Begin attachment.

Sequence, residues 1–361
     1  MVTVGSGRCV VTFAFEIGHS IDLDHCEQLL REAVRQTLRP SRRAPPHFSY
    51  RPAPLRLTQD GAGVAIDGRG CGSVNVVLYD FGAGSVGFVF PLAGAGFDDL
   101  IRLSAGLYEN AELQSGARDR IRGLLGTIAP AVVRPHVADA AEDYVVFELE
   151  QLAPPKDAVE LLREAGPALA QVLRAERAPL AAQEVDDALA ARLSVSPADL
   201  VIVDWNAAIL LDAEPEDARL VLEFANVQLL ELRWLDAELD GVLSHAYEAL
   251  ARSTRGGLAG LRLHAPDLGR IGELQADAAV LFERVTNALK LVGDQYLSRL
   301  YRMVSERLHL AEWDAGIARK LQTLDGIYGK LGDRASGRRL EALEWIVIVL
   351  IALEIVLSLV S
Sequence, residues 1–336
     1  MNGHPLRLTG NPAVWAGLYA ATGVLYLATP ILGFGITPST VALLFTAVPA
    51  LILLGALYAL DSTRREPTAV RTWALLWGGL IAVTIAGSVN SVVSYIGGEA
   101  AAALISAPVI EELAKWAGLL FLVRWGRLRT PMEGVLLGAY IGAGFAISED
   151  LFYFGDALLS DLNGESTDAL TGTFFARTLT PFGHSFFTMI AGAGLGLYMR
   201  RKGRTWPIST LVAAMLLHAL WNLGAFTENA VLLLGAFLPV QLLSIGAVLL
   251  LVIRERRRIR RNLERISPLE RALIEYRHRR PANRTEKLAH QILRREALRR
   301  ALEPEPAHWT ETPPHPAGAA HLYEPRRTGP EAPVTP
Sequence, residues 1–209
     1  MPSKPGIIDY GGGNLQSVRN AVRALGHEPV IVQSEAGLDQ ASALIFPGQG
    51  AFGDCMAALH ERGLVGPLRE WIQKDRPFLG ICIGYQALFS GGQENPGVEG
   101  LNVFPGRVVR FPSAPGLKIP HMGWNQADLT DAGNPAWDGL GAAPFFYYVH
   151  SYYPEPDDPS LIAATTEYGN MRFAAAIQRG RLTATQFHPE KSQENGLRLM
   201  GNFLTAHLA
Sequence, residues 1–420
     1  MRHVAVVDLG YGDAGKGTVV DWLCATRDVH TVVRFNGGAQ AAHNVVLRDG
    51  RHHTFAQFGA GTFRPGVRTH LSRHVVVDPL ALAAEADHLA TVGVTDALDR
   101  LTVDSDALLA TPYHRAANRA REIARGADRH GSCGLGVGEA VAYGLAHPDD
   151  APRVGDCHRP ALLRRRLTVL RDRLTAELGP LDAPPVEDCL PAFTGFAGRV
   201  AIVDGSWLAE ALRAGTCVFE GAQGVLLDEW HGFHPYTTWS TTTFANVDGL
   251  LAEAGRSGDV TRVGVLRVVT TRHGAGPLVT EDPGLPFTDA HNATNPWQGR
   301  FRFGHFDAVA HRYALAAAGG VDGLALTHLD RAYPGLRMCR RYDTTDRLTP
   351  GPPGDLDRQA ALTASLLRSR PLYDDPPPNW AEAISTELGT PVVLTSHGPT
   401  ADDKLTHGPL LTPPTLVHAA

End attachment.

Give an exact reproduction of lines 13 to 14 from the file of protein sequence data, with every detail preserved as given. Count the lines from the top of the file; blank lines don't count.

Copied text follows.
   101  AAALISAPVI EELAKWAGLL FLVRWGRLRT PMEGVLLGAY IGAGFAISED
   151  LFYFGDALLS DLNGESTDAL TGTFFARTLT PFGHSFFTMI AGAGLGLYMR